Watch Out for Look-A-Like Domain Cyber Threats

Recently, we've seen several victims fall prey to cyber threats like this which employ a combination of a phishing email to gain access to a mailbox and then waiting until the opportune time to hook the prey using a look-a-like domain.  Here's a short video explaining what happened:

Sneaky hackers purchase and set up fraudulent websites that are a close misspelling of legitimate ones.

Everybody Loves a Parade!

Did you know that the tradition of the Macy’s Thanksgiving Day Parade started as a Christmas parade? It started in 1924, ran 6 miles from 145th street all the way down to the Macy’s store at 34th and Broadway.

The entire parade consisted of three horse-drawn floats including Mother Goose, Little Miss Muffet, four bands, a variety of animals from the Central Park Zoo and, of course, Santa Claus was the last one in the lineup.

Bookmark the LEGITIMATE Websites You Frequently Visit

Quick Tip: Create a bookmark for the websites you visit often.

Why: Sneaky hackers purchase and set up fraudulent websites that are a close misspelling of legitimate ones.

For example, a hacker might use "faceboook.com" instead of "facebook.com". All you have to do is accidentally fat-finger ONE letter in the URL and up pops a very legitimate-looking, fake copy of the site you were trying to get to--and the login and links are full of keylogger malware and virus landmines waiting for you to click on them.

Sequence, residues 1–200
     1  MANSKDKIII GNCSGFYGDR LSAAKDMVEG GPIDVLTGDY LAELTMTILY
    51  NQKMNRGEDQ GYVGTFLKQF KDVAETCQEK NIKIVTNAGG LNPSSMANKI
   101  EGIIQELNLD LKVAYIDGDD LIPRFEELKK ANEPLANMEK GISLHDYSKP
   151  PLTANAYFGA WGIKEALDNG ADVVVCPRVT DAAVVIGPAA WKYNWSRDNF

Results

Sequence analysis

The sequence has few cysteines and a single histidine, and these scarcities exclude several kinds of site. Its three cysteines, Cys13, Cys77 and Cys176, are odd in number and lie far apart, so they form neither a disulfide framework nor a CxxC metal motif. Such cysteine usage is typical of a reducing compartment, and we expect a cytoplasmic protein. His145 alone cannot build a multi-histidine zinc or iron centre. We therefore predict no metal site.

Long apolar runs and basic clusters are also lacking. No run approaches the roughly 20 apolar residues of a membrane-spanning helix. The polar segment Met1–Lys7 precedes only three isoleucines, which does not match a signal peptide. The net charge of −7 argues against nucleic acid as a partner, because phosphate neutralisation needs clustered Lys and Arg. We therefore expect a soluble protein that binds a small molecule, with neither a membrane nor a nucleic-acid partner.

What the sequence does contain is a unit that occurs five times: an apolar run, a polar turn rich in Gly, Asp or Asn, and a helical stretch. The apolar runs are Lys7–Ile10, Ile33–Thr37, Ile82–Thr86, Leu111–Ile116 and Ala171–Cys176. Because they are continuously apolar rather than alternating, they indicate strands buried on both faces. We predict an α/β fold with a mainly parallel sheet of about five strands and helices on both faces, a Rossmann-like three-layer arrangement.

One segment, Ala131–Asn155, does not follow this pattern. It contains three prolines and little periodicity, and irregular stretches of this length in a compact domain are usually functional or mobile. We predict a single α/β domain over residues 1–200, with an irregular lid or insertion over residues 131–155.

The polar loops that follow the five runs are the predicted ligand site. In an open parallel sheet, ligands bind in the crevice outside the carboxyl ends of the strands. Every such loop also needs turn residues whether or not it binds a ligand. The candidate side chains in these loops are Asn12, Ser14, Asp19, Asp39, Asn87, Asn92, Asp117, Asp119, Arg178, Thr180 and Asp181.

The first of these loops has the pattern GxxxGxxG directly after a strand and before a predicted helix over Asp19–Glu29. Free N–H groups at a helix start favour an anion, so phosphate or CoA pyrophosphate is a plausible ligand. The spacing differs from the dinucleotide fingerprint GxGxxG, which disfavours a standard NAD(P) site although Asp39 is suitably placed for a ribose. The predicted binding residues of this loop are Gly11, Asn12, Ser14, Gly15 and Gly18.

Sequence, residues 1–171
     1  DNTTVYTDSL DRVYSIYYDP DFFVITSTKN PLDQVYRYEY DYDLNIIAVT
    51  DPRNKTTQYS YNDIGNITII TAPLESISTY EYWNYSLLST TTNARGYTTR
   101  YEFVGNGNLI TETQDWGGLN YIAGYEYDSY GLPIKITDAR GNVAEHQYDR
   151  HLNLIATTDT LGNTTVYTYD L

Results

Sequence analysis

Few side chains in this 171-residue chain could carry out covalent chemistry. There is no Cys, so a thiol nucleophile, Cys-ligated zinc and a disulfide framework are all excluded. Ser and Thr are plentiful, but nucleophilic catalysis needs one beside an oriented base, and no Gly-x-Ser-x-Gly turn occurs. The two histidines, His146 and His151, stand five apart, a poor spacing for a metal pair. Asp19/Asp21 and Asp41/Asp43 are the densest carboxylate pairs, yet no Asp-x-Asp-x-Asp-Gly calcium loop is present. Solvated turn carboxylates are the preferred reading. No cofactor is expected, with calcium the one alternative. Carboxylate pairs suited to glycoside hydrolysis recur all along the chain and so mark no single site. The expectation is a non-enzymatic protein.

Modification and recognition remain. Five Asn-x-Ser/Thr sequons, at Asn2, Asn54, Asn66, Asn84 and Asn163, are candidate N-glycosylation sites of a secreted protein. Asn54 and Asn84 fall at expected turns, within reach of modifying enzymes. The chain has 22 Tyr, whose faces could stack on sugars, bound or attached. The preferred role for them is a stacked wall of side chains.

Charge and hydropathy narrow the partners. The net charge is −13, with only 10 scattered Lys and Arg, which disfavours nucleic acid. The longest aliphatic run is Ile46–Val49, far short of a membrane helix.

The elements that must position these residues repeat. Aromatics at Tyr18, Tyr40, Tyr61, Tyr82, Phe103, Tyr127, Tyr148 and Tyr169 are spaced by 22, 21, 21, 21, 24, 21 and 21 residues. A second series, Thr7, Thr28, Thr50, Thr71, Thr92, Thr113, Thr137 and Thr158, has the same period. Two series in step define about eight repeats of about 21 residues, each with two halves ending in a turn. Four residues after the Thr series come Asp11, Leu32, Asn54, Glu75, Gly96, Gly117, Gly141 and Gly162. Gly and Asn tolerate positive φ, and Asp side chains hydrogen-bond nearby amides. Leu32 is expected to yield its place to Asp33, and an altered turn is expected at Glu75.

How to Spot a Phishing Email

Quick Tip: Type website names directly into your browser for any “phishy” offer delivered by email. That way you do not give away your log in information or download a virus.

Why: A phishing email is a bogus email carefully designed to look like a legitimate request (or attached file) from a site you trust in an effort to get you to willingly give up your login information to a particular web site or to click and download a virus.

Something’s Phishy!

We sure do miss heading out to a lake, throwing out a line and waiting for a fish to bite. But what really upsets us is how hackers have taken a beloved pastime and turned it into something sinister. That’s right, I’m talking about phishing. The hacker practice of sending out carefully crafted email as “bait” in an attempt to get you—the “fish”—to bite.